We will look at many self‐portraits as art and also as icons of the profound experience of looking deeply at ones’ Self.

Margaret Klenck MDiv, LP, is a Jungian Analyst in private practice in New York City. Margaret has lectured and taught nationally and internationally. She is previous past President of the Jungian Psychoanalytic Association in New York, where she also teaches and supervises. She served as the JPA representative to the Executive Council of the IAAP from 2014‐2019. She is also a member of the Philadelphia Association of Jungian Analysts. She holds a Masters of Divinity from Union Theological Seminary. Her most recent publications include Jung and the Academy and Beyond: the Fordham Lectures 100 Years Later, for which she served as co‐editor, and two books in which she is a featured interviewee: Visible Mind: Movies, Modernity and the Unconscious by Christopher Hauke, and There’s a Mystery There, the Primal Vision of Maurice Sendak by Jonathan Cott. PBS viewers may remember her as a panelist in the popular series, The Question of God, C.S. Lewis and Sigmund Freud.

Lecture Fee: $15 *($8 Students). Lecture Fees are collected at the door.

* Tax deductible donations above the standard Lecture fees are always appreciated. The CAJP depends on your
kind and ongoing support. Please consider making a tax deductible donation to CAJP and mail to: CAJP, P.O. Box
134, Farmington, CT 06034. Attn: Diana Barbieri. Thank You!

Bees

A Lecture by Russell Holmes

Friday, September 20, 2019, 7:30pm

St. James Episcopal Church

1018 Farmington Ave

West Hartford, CT 06107

 

Lecture Fee: $15 *($8 Students). Lecture Fees are collected at the door.

* Tax deductible donations above the standard Lecture fees are always appreciated. The CAJP depends on your
kind and ongoing support. Please consider making a tax deductible donation to CAJP and mail to: CAJP, P.O. Box
134, Farmington, CT 06034. Attn: Diana Barbieri. Thank You!

 

With recently published details of the bee “colony collapse disorder” we are more aware of the presence and function of the honey bee, and forced to a renewed interest in what most of us ignore or take for granted. We are told by experts that we are dependent on the pollinated activities of bees for one third of our food supply.

First off, the hive life of bees is both fascinating and a model for individuation—“they always go for the rose” (Jung). And more specifically, for our purposes, they are related, via honey, to alchemical Coagulatio, the process of getting life materialized and solidified.. Jung comments that honey is essential, the alluring sweetness that excited desire and lures us into life and reality—go for it! In the Odyssey there is a scene in a cave (“Cave of the Nymphs”) where bees deposit their honey and large stone jugs. The cave has two entrances. the first is for souls lured from heaven (caelum) to incarnation; The second is an entrance for souls lured from incarnation to immortal divine life (caelum). The sweetness of the honey excites the desire to both these realities…

From the beginning (100 million years) bees have been significant providers of honey, wax and symbolism in all cultures and religions . Mr. Holmes will discuss these, including references to unconscious material.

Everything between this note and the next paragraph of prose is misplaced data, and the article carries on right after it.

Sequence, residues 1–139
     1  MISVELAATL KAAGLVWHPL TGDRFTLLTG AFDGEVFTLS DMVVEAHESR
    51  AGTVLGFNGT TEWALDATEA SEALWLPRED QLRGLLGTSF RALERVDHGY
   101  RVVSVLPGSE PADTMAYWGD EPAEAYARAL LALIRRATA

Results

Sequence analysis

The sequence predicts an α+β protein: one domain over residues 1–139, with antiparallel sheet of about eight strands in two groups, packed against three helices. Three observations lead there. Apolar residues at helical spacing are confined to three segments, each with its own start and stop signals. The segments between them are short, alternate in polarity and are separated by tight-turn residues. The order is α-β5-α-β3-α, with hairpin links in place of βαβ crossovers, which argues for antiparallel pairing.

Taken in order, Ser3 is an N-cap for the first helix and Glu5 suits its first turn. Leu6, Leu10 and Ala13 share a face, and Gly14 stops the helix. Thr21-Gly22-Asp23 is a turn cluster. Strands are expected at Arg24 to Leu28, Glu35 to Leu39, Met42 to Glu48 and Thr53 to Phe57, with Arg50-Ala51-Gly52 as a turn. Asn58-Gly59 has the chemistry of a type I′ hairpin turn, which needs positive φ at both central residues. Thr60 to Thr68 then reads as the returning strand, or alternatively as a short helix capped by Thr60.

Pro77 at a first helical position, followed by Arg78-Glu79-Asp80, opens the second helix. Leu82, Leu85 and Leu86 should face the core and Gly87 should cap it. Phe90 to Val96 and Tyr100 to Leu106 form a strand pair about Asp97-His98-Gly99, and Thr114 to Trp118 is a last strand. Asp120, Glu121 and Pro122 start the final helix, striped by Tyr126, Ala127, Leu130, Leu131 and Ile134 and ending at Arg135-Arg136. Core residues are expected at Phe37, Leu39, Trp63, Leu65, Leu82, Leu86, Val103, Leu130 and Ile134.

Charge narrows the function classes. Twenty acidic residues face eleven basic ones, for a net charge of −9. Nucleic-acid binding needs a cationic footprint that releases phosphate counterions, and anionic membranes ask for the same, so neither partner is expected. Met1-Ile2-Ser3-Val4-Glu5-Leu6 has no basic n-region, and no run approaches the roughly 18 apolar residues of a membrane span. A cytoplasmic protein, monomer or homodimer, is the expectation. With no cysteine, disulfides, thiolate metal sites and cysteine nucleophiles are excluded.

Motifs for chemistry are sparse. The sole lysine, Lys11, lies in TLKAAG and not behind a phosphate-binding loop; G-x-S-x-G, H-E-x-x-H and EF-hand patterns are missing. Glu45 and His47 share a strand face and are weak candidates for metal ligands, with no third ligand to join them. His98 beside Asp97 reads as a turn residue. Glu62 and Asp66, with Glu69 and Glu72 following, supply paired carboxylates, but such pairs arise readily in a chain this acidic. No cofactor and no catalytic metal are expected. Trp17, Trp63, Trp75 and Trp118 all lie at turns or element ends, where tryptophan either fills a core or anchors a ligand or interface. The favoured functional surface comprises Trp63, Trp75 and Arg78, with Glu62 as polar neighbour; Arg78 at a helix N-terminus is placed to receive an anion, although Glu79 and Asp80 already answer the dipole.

Russell Holmes, IAAP is a Jungian Analyst, a graduate of C.G. Jung Institute Zurich, and a member of the New England Society of Jungian Analysts and the International Association of Analytical Psychology. He is retired from private practice and resides in Webster, New Hampshire.

 

More Announcements Coming Soon!

Seminars:

A Study of C.G. Jung’s The Red Book

Spring Seminar 2020: March 7, 14, 21, 28, and April 4, 11, 18.

 Saturday Mornings: 9:30 — 12 Noon
St. John’s Episcopal Church, 679 Farmington Avenue, West Hartford, CT 06119
Seminar Fee: $275. Advance Registration Required; contact info@jungct.org or call 860-948-9445

 

From his Collective Works, we experience C.G. Jung primarily as a doctor, a physician, a psychiatrist, a psychologist, and last but not least a student of the human history of religious ideas. In The Red Book, we experience a different Jung.  Here we experience Jung as his own patient, as the person suffering under inexplicable and irrational forces originating from within himself, from the depths of his own psyche.  We  also witness his attempt to understand what these experiences were asking of him.  He faithfully recorded his conversations with Elijah, Salome, and Philemon – a threesome who were repeatedly critical of Jung with respect to his limited understanding of the nature of God and love. Jung consequently lost himself just as he previously had understood himself. But this confusion seemed to have a hidden goal for it resulted in Jung’s meeting the primitive giant Izdubar, who was  searching for the place on the earth where the sun lands when it goes down at night.  Of course there is no such “place.” But the love that developed between them as they attempted to bridge both the historical and intellectual eternities that separated them, became the stone at the center of Jung’s psychology and his Red Book. It is an image for the transcendent mystery within the human psyche that impels us, consciously or unconsciously, towards the mystery of wholeness.

James Scherer is a graduate of the C. G. Jung Institute, Zurich, with a Diploma in Analytical Psychology.  He lives in Hartford where he has practiced as an analyst since 1986.  During these years he has offered continuing Saturday seminars and occasional lectures.

 

 

CAJP Program Schedule: Previous Years

 

For a list of previous years lectures, please click here.